Manufacturing Australia appoints former Pacific Brands CEO as its new Chairman

March 15, 2013 • News

Sue Morphet has been appointed the new Chairman of Manufacturing Australia.

The business coalition of Australia’s largest manufacturers has announced on their website that they have selected Ms. Morphet because of her passion for the sector and her credentials. Morphet was CEO of Pacific Brands for five years until August last year, and has been with the company for 17 years.

Screenshot from ABC

Screenshot from ABC

Her stint in the company, which marketed brands such as Berlei and Bonds, was a stormy one, as she endured pressures from cheap imports, the GFC and the rapid commoditisation of consumer goods.

Morphet believes that wherever manufacturing flourishes, one can also expect the growth of skilled employment, innovation, and thriving communities.

“I am not in favour of protectionism, nor organisations that use external issues to cloud faulty internal business processes,” the new Chairman said. “For manufacturing to be strong it needs a fair level playing field, a sound commercial and regulatory environment that attracts investment and a representative voice to raise the calibre of national debate on the issues affecting the sector.”

Manufacturing Australia has expressed their intention to continue the collaboration with the Australian Federal and State Governments, as well as with other sectors, “to ensure fair and appropriate industry policies, and to secure the future of this sector.”

The CEOs of the organization’s member companies believe that a productive domestic manufacturing sector is fundamental to a healthy Australian economy.

According to a report on ABC, Manufacturing Australia is about to embark on its campaign and lobby for cheaper gas for local industry at the nation’s capital.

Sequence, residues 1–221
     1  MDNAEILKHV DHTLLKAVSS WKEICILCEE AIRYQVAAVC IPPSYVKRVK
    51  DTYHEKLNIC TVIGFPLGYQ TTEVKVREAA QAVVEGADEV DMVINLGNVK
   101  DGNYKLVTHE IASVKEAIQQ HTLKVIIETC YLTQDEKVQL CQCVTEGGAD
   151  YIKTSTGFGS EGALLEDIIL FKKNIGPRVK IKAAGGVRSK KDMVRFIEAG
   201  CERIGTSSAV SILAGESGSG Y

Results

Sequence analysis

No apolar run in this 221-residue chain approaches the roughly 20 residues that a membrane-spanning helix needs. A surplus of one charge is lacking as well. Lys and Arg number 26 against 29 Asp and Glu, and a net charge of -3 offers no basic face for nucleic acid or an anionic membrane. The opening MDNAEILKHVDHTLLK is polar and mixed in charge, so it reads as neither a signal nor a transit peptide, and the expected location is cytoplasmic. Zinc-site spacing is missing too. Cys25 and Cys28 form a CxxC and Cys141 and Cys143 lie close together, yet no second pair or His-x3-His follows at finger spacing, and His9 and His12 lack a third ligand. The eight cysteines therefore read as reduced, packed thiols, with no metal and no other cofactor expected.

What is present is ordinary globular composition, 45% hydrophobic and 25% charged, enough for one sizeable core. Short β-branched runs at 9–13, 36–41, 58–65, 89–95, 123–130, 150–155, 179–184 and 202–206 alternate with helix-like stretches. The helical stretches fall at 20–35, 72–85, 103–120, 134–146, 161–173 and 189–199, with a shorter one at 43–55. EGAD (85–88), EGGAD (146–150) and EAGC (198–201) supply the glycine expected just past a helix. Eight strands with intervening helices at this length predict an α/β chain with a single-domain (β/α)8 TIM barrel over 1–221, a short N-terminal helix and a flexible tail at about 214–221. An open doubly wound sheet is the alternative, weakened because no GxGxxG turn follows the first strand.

“We’re taking policy suggestions and plans to Canberra Monday week. Energy abundance: how do we ensure that there is a local market for energy as well as an export market for energy and that that’s used appropriately to be able to support local business? But also so that it can encourage investment versus going offshore where there is much cheaper energy,” said Morphet in the interview with ABC.

In the interview Morphet, who described herself as an optimist but also a realist, also commented on the current state of the manufacturing industry.

“Now not all manufacturing’s going to be successful in Australia, there’s no doubt about that, but if we can put in the correct policies and if we can build the appropriate skill sets, then we can definitely encourage investment here in Australia,” she said. “I am an optimist. I’m – but I’m also realistic. Some businesses will have reached their used-by date here in Australia and others will not.”

Meanwhile, Manufacturing Australia’s former Chairman Dick Warburton extended his congratulations to his successor.

“Whilst positive outcomes have been achieved for Australian manufacturing over the last 12 months, the sector remains severely threatened,” said Mr. Warburton. “I’m therefore delighted that Manufacturing Australia, with Sue Morphet at its helm, will continue to ensure that Australian manufacturing is represented by a strong voice for manufacturers on vital public policy and economic issues.”

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